The organisation of control
The organisation of control in France
In French law, the government is in charge of the safety of passenger transportation. Ropeway transportation and guided transports fall into this category.
To learn more about the laws governing the control of ropeways and guided transports in France, click here
The French State has thus developed a specific organisation for the purpose of ensuring safety on ropeways, with more than 100 civil servants spread across the French territory. They are specifically dedicated to the task of authorising and controlling ropeways (approximately 4,000 installations) and guided transports (approximately 120 lines).
This task force is organised in a network and is divided into :
- 8 local offices each operating within its designated geographical area (they are called BDRM, BIRM or BIRMTG)
- 1 coordinating agency: the STRMTG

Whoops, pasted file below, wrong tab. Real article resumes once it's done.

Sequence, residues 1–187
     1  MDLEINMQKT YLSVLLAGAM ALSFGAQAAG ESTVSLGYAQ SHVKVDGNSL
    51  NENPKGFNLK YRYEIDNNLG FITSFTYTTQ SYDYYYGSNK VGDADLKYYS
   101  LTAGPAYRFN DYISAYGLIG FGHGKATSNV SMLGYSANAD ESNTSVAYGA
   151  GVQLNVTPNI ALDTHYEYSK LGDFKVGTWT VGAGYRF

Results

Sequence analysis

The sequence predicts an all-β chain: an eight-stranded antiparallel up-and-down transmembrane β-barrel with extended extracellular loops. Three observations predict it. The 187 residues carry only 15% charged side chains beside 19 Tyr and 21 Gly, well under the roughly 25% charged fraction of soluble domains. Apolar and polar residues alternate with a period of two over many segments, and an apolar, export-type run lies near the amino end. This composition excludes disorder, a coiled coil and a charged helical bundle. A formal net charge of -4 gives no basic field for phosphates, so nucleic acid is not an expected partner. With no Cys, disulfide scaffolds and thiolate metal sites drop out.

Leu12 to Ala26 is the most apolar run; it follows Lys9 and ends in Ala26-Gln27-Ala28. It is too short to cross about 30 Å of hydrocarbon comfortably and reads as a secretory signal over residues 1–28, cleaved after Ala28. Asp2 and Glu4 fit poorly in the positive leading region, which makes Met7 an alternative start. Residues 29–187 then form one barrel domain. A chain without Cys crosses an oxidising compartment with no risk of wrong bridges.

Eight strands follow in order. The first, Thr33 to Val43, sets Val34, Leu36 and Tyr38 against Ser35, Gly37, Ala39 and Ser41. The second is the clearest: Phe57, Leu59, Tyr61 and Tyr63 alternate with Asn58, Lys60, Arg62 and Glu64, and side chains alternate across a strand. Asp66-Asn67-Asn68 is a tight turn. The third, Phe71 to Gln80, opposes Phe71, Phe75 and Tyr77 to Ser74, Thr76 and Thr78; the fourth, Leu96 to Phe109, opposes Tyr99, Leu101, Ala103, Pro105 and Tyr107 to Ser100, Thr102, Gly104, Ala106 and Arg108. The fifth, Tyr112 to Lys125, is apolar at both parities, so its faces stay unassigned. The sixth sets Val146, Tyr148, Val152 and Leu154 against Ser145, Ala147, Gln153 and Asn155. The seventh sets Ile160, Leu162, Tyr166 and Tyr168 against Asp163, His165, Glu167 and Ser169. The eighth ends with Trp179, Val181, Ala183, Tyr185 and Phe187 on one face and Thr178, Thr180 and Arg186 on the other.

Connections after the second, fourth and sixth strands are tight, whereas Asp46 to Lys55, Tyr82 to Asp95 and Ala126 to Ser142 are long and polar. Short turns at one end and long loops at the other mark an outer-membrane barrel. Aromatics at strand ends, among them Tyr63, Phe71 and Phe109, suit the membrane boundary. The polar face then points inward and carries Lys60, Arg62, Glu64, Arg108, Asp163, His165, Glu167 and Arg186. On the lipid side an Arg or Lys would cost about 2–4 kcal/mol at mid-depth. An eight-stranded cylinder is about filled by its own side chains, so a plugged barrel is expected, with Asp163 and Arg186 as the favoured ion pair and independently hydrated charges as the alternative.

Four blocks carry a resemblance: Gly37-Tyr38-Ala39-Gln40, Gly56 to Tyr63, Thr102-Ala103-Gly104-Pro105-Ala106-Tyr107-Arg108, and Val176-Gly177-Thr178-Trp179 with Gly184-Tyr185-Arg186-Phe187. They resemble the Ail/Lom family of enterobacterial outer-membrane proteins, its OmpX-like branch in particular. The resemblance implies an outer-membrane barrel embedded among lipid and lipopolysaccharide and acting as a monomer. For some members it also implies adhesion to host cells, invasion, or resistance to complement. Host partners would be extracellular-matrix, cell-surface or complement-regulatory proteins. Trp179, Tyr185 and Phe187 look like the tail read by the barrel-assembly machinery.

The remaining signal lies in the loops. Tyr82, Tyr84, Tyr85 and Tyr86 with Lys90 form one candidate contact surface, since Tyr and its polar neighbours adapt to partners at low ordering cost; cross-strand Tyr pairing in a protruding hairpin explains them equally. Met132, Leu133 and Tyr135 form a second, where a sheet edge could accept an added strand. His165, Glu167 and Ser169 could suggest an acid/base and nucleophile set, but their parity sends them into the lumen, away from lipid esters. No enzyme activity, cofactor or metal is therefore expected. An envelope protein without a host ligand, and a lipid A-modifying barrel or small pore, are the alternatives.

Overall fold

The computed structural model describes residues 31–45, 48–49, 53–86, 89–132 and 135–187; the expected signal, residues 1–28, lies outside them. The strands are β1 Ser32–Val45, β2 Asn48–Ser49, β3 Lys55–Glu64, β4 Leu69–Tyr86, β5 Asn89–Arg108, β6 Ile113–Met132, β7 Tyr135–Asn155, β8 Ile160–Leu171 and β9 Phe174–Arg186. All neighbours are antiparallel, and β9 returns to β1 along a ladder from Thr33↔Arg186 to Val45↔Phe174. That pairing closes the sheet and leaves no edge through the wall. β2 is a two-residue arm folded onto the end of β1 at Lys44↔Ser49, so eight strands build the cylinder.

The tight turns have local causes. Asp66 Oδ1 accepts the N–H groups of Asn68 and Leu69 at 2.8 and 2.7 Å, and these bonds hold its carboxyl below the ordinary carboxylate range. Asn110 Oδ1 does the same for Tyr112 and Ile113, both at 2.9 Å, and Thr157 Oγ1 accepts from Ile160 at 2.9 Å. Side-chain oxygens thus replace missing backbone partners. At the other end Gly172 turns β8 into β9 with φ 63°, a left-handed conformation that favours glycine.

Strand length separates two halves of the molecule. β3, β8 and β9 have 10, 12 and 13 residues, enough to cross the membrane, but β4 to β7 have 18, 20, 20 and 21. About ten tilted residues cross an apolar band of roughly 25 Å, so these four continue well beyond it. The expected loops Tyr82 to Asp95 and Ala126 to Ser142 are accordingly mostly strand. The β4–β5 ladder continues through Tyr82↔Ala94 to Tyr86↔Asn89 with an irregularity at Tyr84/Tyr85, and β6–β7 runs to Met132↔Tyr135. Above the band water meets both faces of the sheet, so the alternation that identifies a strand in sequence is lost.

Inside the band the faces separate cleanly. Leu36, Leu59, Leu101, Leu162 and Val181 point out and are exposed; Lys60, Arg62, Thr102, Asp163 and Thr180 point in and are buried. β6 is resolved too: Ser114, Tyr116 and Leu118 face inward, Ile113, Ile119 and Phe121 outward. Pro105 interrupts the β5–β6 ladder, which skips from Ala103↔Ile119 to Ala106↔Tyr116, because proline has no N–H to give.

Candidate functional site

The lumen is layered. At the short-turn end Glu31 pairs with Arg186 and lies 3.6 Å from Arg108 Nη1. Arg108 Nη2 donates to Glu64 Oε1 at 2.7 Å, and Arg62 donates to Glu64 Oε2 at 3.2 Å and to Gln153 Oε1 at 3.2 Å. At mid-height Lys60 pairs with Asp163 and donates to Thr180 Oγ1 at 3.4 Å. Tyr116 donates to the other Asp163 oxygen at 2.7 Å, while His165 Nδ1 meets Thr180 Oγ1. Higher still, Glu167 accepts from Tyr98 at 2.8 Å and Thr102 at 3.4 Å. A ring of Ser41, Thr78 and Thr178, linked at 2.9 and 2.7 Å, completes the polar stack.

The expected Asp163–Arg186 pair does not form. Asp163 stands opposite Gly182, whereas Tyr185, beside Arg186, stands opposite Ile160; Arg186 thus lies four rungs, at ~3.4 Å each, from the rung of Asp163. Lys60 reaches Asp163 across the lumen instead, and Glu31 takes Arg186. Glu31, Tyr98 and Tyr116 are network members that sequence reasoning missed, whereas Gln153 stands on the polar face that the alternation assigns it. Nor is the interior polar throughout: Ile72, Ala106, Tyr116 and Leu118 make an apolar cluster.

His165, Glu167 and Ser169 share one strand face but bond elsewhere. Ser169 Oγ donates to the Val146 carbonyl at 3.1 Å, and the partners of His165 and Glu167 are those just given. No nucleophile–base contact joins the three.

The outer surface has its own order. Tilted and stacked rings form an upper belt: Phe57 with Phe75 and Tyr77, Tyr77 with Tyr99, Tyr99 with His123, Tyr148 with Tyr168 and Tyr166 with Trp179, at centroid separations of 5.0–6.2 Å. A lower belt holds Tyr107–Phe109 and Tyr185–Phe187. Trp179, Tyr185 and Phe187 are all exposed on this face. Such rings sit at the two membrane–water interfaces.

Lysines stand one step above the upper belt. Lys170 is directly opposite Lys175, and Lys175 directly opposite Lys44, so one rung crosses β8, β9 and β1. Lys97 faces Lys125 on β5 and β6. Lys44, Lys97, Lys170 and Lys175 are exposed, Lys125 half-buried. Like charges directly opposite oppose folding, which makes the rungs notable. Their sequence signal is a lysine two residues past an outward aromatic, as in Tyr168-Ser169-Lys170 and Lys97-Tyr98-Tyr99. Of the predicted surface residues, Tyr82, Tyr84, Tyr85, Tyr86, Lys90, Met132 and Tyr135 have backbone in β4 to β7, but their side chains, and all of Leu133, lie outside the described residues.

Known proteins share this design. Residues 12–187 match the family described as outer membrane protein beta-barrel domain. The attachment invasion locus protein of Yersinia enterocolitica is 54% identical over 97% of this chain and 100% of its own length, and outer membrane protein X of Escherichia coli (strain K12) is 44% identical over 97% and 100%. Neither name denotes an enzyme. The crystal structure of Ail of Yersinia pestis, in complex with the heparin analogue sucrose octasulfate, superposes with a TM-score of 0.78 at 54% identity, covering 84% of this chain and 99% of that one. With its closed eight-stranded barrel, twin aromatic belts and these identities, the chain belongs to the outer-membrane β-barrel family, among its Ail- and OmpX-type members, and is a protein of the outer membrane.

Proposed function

The local offices are located in Paris, Besançon, Clermont Ferrand, Grenoble, Chambéry, Bonneville, Tarbes and Gap.
The STRMTG is located in Grenoble.
The local offices depend on the local representative of the state (" Préfet ") and not on the STRMTG. The STRMTG has no hierarchical power over the local offices and is merely in charge of harmonising the control process made by consensus.
The local offices are in charge of:
- authorising new installations/systems after having checked that they meet regulations;
- verifying that the operator fulfils its duties (controls to be carried out, enforcement of regulations, etc.);
- authorising modifications on existing installations/systems;
- having specific controls performed after particular events (return on experience).
The French State’s control philosophy is straddled between monitoring control and direct control.
Here is an example of "monitoring control": the French State does not actually carry out non-destructive testing of ropes. It merely checks that the required controls are carried out at the required intervals, by a qualified person, with the results showing thet the rope is in good condition.
Here is an example of "direct control": the French civil servants continuously check on-site that the conductors are qualified and the required operational procedures are applied.